HALF MOON BAY, Calif.--U.S. Fiscal cliff and debt ceiling; Europe's
economy; Middle Eastern winters or springs. These crises of the
moment are all well and good and keep us in racy headlines and
talk-show chatter, but where the rubber meets the road is in Asia.
And in the coming years, this region--so crucial to design- and
supply-chain health of the electronics industry--is heading toward a
cold war, according to Matt Gerken, a geopolitical analyst
and Ph.D candidate at the University of Texas.
"I don't think this is an overstatement," Gertken told an audience
of industry executives here Monday (Jan. 14) at the annual
Industry Strategy Symposium produced by the semiconductor production equipment trade group SEMI. "The Asian powder keg situation is not
getting ample attention." (See related story:
Electronics growth threatened by fiscal uncertainty, higher taxes).
The rise of China as a regional economic and military power is one
trigger, and this is causing strange new effects and bedfellows,
unimaginable just a few years ago, Gertken said.
"If you're Vietnamese, your grandfather was probably killed by an
American. Now Vietnamese people love Americans," he said.
"Philippines. Their grandfathers died at the hands of the Japanese.
Philippines and Japan and now having negotiations to sell each other
weapons, talking about defending against China. These are huge
changes in my opinion."
There are indications, Gertken said, that Japan is about to very
quickly alter course. Re-militarization is picking up steam, and recent elections perhaps foreshadow
more realistic fiscal and monetary policy.
"In Japan, we have reason to think that the geopolitical situation
has bottomed out," he said.
In addition, Japan's proven that it--like the United States--shifts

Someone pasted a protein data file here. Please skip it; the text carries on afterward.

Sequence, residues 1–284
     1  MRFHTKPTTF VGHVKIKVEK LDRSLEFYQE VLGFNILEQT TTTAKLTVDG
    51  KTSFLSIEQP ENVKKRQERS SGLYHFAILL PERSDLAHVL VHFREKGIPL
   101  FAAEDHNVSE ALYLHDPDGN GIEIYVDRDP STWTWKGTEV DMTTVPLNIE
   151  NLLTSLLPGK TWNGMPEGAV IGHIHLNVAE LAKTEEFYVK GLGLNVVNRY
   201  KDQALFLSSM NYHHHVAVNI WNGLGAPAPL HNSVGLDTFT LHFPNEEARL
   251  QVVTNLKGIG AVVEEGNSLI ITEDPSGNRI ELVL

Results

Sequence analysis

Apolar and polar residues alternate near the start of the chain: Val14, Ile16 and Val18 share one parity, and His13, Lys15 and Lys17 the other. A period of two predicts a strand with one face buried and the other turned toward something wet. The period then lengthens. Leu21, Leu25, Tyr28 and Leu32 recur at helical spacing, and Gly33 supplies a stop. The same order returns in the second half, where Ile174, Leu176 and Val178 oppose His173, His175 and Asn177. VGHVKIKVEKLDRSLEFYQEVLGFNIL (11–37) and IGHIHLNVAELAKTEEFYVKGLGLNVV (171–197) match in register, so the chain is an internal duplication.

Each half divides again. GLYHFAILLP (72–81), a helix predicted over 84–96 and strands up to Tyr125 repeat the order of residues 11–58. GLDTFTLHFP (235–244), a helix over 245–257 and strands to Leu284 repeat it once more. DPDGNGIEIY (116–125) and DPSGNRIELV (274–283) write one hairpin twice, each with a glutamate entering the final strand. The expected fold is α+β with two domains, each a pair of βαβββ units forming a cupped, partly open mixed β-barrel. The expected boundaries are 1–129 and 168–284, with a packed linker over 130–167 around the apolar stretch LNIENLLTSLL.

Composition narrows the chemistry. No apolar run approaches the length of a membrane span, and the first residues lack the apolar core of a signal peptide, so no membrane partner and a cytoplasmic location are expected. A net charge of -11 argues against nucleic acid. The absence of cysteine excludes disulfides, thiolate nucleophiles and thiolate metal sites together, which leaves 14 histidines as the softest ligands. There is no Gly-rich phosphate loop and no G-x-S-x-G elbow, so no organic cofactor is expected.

from long periods of introversion to periods of extroversion, and it
does so quickly.
"When Japan changes its mind, it moves very quickly," Gertken said,
recalling the Meiji Restoration in which Japan went from feudal to
modern society in a matter of years and "by 1905 had destroyed the
In China, a leadership change suggests continued focus and reform in
the short term beneficial to business, but longer term Gertken said
he sees a re-emergence of Communist party rhetoric in national affairs.
The new leadership group isn't composed of businessman or
soliders, Gertken said, adding "in other words, you're looking at
the rise in ideology in Communist Party orthodoxy."
"The real shift that's going on now in the medium to long term is
toward the Communist Youth League 's version of maintaining social
stability by redistributing wealth, not in reforming the
corporate sector," Gertken said, adding that means shifting economic
gains from the booming coastal areas of the country to pay for
infrastructure improvements in China's poorer interior.
Gertken offered no direct warnings about the potential impact of
the evolving Asian geopolitical situation, although he did say
tensions--if they spiral out of control--could lead to maritime
disruption at some point, which likely would disrupt the electronics supply chain to some degree.
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